They have such interesting books, and of course there’s the main table on the front. I remember when my first novel was on that table, I was like, Oh my God, people can find my book. The stock kind of ranges from the esoteric to the design focused to books of philosophy and cool essays and just the moment — the culture. I just bought a Malcolm X biography called The Dead Are Arising for my partner for our anniversary. We usually get each other gifts from there.
15 River St., at 1st St.
I walk here a couple times a week. This area used to be empty lots and construction, and now it’s highly developed and full of designer urban planning. I can’t help but remember how it used to be, and I miss the rawness of it. But I’m grateful for the comfort … I love how so many people can enjoy this space. It’s a place to kind of find solitude but be among people at the same time.
A few weeks ago, there was a fire in one of the buildings in Manhattan, and everyone on this side of the river was watching that side of the river. You think about what the skyline used to be, and you think about the Twin Towers, and you just get really pensive and mourn the city as it used to be. I feel a whole swirl of emotions being there.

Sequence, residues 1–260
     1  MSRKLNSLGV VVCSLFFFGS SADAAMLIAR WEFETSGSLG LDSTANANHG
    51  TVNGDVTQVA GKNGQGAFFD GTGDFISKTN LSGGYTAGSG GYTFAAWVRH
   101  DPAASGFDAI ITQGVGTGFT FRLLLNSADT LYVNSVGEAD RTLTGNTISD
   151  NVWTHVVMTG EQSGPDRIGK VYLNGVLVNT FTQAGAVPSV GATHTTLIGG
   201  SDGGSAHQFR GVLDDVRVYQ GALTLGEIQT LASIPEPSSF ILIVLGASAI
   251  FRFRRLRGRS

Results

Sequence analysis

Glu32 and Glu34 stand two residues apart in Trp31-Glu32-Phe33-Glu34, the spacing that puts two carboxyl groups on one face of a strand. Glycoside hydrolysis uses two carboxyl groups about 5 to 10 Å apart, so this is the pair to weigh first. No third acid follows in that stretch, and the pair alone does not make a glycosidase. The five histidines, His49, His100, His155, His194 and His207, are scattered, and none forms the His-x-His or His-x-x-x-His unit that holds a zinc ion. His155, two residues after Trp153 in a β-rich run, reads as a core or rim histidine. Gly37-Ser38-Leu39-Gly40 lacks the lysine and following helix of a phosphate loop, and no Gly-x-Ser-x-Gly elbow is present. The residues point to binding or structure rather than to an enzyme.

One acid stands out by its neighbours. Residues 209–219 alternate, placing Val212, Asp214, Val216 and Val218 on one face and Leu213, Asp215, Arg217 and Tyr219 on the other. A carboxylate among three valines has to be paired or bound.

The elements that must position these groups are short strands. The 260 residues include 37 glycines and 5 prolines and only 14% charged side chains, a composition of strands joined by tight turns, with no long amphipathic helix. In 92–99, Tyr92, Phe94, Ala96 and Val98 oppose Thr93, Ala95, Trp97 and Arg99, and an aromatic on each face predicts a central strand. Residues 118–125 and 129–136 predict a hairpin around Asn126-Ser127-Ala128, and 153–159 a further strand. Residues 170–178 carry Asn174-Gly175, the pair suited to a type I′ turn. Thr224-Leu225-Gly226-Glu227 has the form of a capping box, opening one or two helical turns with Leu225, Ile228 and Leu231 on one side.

1084 Flushing Ave., at Knickerbocker Ave.
I’ve been with my partner for ten years. Bunna has definitely been our go-to to have that beautiful meal at home for birthdays and anniversaries. You break bread with Ethiopian food because you’re dipping into the same shared plate. So it’s a very bonding experience. I love the shai — the way that it’s spiced with cardamom and that particular blend of Ethiopian tea — and the vegan feast for two with injera. The misir wot is incredible; it’s a deeply fragrant spiced red-lentil stew.